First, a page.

Of course the cynic would say that one way to reduce complaints is to make it more difficult for customers to complain. Some would argue that many banks have already done this by making it difficult to find out how to complain on websites, allowing complaints only through a branch and generally making it inconvenient to complain. The second way that banks have traditionally reduced complaints is to re-define what a complaint is, so for instance unless the customer actually uses the world 'complaint' in a conversation or in writing then it isn't a classified as a complaint and low and behold complaints have gone down!

However playing these sorts of games to look good only has short term benefits and is missing the point entirely. In an increasingly digital world, where branch visits are dramatically down, opportunities to interact with customers are becoming increasingly rare for banks. Rather than discouraging customers from complaining, banks should be actively making it easier for customers to complain, to provide feedback. As Bill Gates says "Your most unhappy customers are your greatest source of learning".

Most customers don't complain, on average only 1 in 26 will actually lodge a complaint.. They either put up with poor service or a problem, or take away their business, without the bank even being aware of the issue. In the meantime they will typically tell 10 other people about their complaint.

However a complaint handled well and, most importantly in the eyes of the customer, fairly, can turn the complainer into an advocate for the bank.

The challenge has been that traditionally the role of the executive responsible for handling complaints has ususally been assigned to the executive who's career in the bank is over - it hasn't been seen as being important. Given that it costs five times more to acquire a new customer than it does to retain one, that traditional thinking is flawed. Rather than the putting the journeyman on managing complaints, banks should be putting their high-flyers, those who see their careers in the upper echelons of the banks into those roles. This is why the appointment of Martin Dodds at Lloyds Banking Group is to be applauded. Likewise whereas the staff members allocated to managing customer complaints have tended not to be the high performers from branches or call centres, the opposite should be true - those with the best interpersonal skills and the highest levels of empathy should be put into the complaints handling teams and be empowered to do something about the complaint, not having to hand it off elsewhere.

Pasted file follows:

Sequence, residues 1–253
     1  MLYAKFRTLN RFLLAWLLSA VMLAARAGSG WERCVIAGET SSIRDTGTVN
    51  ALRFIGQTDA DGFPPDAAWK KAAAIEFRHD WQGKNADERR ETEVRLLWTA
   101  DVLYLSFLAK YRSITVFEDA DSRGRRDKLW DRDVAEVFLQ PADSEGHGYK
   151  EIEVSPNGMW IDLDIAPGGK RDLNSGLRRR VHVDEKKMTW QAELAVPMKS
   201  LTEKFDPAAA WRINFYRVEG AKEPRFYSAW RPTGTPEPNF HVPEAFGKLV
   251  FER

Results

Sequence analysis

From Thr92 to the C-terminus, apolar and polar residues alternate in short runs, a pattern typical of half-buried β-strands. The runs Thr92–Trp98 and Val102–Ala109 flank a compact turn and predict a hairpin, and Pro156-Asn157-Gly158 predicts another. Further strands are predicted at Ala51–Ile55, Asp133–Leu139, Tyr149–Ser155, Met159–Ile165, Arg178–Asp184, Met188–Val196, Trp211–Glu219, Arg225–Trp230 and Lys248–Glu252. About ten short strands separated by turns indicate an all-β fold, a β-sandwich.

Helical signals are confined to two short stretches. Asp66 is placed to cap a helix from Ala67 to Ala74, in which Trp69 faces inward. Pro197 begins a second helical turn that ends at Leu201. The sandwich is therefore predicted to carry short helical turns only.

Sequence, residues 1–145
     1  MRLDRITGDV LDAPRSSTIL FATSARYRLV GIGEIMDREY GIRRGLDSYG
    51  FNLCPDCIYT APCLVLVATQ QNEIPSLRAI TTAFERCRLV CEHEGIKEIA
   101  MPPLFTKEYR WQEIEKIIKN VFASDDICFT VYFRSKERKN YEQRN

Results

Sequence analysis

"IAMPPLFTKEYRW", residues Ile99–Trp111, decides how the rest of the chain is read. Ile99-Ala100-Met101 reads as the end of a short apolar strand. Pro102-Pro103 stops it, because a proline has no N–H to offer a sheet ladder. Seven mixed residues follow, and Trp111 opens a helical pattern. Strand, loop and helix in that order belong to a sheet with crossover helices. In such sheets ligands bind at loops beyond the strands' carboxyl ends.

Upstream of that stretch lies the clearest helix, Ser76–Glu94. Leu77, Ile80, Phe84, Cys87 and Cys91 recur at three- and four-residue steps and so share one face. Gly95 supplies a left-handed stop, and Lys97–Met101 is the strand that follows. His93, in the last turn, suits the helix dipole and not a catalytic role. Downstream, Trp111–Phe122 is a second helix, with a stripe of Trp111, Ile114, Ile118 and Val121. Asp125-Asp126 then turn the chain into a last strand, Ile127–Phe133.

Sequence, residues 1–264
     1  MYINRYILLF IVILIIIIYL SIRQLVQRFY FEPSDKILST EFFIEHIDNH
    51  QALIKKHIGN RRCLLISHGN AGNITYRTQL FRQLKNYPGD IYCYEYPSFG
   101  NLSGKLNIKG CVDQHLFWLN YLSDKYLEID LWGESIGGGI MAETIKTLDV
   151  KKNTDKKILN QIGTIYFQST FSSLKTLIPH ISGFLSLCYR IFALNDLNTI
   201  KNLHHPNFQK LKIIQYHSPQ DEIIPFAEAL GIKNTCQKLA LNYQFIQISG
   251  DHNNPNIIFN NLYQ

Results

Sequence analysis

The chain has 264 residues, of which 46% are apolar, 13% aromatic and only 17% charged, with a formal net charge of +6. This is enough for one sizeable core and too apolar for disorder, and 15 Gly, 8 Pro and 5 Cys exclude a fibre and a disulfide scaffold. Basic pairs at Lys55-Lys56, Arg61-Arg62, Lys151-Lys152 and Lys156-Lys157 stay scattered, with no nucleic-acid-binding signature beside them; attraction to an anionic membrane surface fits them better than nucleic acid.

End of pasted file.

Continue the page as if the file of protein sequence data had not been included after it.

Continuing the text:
When handling complaints it is important that the complaint is not looked at in isolation, but rather in the context of the customer's total relationship with the bank, but not just the current relationship, but the potential life time value of that customer to the bank. This requires significantly more sophisticated customer insight and analytics than is currently found at most banks, but will ensure that the most valuable customers have the most effort put in to resolving their complaint and hence retaining them and, ideally, making them an advocate for the bank. A single view of the customer and their contacts with the bank is only the starting point, one that is missing for many banks. A senior banker from a global bank recently recalled that one of their ultra high rich customers had a problem with their credit card. The customer's complaint was moved from function to function without any part of the bank realising their status and their complaint took over nine months to resolve. Fortunately for this bank the customer was sufficiently forgiving that they did not take their significant portfolio away (yet), but how many of his wealthy friends did he tell about his experience bank and what was the consequent impact on the bank as a reuslt of this?